Face Detection Turing Test to tell Computers and Humans Apart (Ars Electronica June 9, 2013)
Imagine that you are a pastor of an American megachurch. You need to track attendance of your flock for spiritual and financial purposes, but your records are always inaccurate. How about syncing your security cameras with face recognition technology?
Spooky as it sounds, a company called Churchix is marketing software which tracks faces in churches and adds their names to a database. And, no, the churches don’t tell their parishioners.
If religious outfits are using it, you can imagine how eager commercial enterprises are to use this software. Face recognition is clearly a useful tool for fighting crime and terrorism. But other applications outrage privacy advocates.
Want to boost sales? One company promises to recognize “high-value customers each time they shop”. It also sends “alerts when known litigious individuals enter any of your locations”. Tom Cruise’s character in the Spielberg film Minority Report was bombarded with targeted advertising as he walked along the street.
This is no longer science fiction.
Curious about someone? An app called NameTag is developing software which will allow anyone with a mobile phone to match a photo with a dating site profile. “NameTag can make the big, anonymous world we live in as friendly as a small town,” the company says. And just to be sure that everyone is friendly, it also scans half a million entries in the US National Sex Offender Registry and other criminal databases.
Most people don’t think so. In fact, they feel very complacent about allowing companies like Facebook and Google to store and analyse personal images. Facebook recently launched a new app, Moments, which identifies your friends in other users’ photos. How many complaints have you heard about it?
But thoughtful defenders of privacy are dismayed. They fear that face recognition software could be the nail in the coffin of personal privacy. In a post-Snowden world, corporate databases can be siphoned into government databases and government databases can be stolen by hackers from the Chinese government or the Russian mafia.
In May hackers stole 22 million social security numbers along with other personal information from the Office of Personnel Management in the United States. Imagine what they could do if they stole your face as well. You can change your password, or even your social security number. You cannot change your face.
Europeans are sensitive about privacy. The Moments app is not going to be rolled out in Europe because Facebook refuses to implement an opt-in system. In the US, the states of Texas and Illinois take the same position. They require companies to obtain permission before taking face scans or sharing biometric information.
As the Electronic Frontier Foundation, a consortium of privacy advocates, declared recently:
“We believe that people have a fundamental right to privacy. People have the right to control who gets their sensitive information, and how that information is shared. And there is no question that biometric information is extremely sensitive. You can change your password and your credit card number; you cannot change your fingerprints or the precise dimensions of your face. Through facial recognition, these immutable, physical facts can be used to identify you, remotely and in secret, without any recourse.”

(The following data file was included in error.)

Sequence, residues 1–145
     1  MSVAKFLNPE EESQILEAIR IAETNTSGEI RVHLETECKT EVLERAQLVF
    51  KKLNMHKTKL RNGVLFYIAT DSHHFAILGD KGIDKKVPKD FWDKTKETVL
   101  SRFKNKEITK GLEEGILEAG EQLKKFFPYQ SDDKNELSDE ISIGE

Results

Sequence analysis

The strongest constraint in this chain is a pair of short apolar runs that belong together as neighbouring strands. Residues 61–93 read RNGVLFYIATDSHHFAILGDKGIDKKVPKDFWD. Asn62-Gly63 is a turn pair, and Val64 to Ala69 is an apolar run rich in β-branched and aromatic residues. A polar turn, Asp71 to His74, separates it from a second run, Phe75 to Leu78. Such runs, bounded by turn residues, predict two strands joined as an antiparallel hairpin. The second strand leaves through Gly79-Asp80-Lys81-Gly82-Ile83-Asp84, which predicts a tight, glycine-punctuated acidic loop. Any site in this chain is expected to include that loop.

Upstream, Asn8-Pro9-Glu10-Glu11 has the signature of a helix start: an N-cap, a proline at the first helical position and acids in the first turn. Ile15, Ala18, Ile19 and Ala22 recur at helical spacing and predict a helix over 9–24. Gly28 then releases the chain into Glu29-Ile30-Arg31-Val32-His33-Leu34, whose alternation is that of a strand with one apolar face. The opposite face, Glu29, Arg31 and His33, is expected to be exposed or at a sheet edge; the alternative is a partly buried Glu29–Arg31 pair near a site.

The US government wants to create a voluntary, enforceable code of conduct for commercial use of face recognition technology. However, recent discussions between privacy advocates and industry representatives broke down almost immediately. They could not agree on the answer to the simple question: “If you are walking down the street, a public street, should a company be able to identify you without your permission?”
“What facial recognition allows is a world without anonymity … You walk into a car dealership and the salesman knows your name and how much you make. That’s not a world I want to live in,” says Alvaro Bedoya of the Georgetown University Law Centre in Washington DC.
From an ethical perspective the first question to be asked is: has the consumer given informed consent to face identification? Often the answer will be Yes, if the information is gathered through social media.
But that is not the end of the story. Almost no one will have read the consent form. Once the information has been gathered, unbeknownst to most consumers, it will be aggregated with big data techniques to create a personal profile. And the consumer will not have consented to this. But he may not be able to protest because he will not be able to access the profile and probably won’t even know that it exists.
This is why legislation for opt-in face-recognition is absolutely essential — despite yelps of pain from companies like Google and Facebook.
In any case, face recognition software makes some awful blunders. Google Photos recently classified two African-Americans as gorillas. “This is 100% Not OK,” Google tweeted. But it ought to give everyone an queasy feeling about what life in the Google global village could be like.
Michael Cook is editor of MercatorNet.